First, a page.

Paloma updates us on how our rescued orangutans are enjoying their enrichment programme at International Animal Rescue's orangutan centre in Ketapang, West Kalimantan.
Every day the orangutans enjoy a different part of the monthly environmental enrichment programme. One of these enrichments is made with sawdust which they love to play with and also, if we add some nuts and seeds, they will spend time foraging for them. It is very interesting to see the reactions of the different orangutans to the enrichment, depending on their various personalities.
At the baby school, we put the sawdust in a bucket which is placed between two hammocks. After filling the bucket to the brim with sawdust the curious ones soon come to investigate and examine it. They carefully remove the sawdust in small handfuls, but normally one of them gets very excited and has a wild game with the bucket and the sawdust. The last time Sindi took the lead. She hurried over when she saw the rest cautiously investigating the bucket, and then she was so excited that she jumped straight into it!
Then she climbed out again, landing on the grass but at the same time holding on to the bucket and trying to knock it over, which she eventually succeeded in doing. Then Sindi started to cover her head and her face with the sawdust and was clearly having the time of her life!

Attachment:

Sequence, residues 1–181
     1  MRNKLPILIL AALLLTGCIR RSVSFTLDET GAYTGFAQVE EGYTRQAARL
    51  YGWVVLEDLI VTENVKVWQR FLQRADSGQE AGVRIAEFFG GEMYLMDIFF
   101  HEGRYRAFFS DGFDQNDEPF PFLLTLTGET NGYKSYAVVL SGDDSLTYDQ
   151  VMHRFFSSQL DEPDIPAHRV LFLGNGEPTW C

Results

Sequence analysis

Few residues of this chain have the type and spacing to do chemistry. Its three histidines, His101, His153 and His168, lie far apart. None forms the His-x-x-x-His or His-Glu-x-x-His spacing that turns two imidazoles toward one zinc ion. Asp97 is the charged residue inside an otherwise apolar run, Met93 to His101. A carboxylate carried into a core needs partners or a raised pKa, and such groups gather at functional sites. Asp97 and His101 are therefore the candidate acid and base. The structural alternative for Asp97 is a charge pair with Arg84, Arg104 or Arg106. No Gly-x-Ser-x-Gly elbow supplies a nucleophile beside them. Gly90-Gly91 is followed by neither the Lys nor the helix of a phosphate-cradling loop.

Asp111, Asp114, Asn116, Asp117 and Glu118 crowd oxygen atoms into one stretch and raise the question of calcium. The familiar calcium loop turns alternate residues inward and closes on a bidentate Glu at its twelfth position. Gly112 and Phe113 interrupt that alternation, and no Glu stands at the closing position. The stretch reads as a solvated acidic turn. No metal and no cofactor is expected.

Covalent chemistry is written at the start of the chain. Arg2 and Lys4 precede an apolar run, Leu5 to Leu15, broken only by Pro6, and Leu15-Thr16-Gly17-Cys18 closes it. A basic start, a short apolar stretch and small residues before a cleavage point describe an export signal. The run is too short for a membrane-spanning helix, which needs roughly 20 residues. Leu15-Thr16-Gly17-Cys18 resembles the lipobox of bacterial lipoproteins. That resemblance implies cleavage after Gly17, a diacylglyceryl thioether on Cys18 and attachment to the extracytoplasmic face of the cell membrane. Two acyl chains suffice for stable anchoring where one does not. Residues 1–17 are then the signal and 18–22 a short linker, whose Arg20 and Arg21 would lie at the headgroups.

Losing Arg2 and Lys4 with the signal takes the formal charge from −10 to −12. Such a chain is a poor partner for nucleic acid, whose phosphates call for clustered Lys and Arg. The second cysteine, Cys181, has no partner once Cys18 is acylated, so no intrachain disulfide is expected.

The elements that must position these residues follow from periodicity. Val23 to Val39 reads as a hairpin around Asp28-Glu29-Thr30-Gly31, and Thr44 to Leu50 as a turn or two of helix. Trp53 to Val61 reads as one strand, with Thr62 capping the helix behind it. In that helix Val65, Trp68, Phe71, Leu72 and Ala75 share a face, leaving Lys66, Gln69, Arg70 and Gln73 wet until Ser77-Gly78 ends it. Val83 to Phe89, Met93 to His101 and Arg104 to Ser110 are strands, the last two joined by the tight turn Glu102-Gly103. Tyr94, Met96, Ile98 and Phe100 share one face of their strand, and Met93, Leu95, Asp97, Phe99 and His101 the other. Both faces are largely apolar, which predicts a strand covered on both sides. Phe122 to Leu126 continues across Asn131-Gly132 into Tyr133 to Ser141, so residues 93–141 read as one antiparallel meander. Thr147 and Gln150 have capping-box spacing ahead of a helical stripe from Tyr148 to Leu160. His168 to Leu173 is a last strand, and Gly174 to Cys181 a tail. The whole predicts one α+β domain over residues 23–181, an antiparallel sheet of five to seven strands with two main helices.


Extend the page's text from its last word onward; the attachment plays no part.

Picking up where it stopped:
Karmilla, who is normally very shy with the enrichment and doesn’t engage very often, was there too and her fur was full of the sawdust because of Sindi's game. The other orangutans were completely surprised by Sindi's reaction: they just watched her and occasionally tried to join in but she was so focused on the sawdust that she hardly noticed the other orangutans.
The older orangutans at the emergency rescue centre have also enjoyed this enrichment, but in a different way. We usually put the sawdust inside a 19l bottle, adding also some rolled up newspaper and some peanuts and then we put the bottle inside the enclosure.
I have seen different reactions to this enrichment: for example, the first thing Monte does is get the newspaper out of the bottle. But when he gets it out he doesn’t do anything with it. He tips the bottle up and watches the sawdust falling, then he tries to catch the peanuts that are falling with the sawdust.
However, his enclosure mate Patrick has found a better way to get the peanuts: he gets the newspaper that Monte takes out from the bottle and spreads it out on the floor of the enclosure, then he gets the bottle and lets the sawdust fall on the newspaper, so the peanuts can’t fall through the bars onto the ground below.
I have also seen this technique used by the group of Jojo, Jingo and John, but in this group, Jojo is the one who manipulates the bottle, letting the sawdust fall onto the newspaper, while Jingo and John are watching and waiting for the moment when the peanuts appear and then they quickly snatch them!
After finding all the peanuts they all remove every bit of sawdust from their fur and also spend a lot of time just playing with the empty bottle.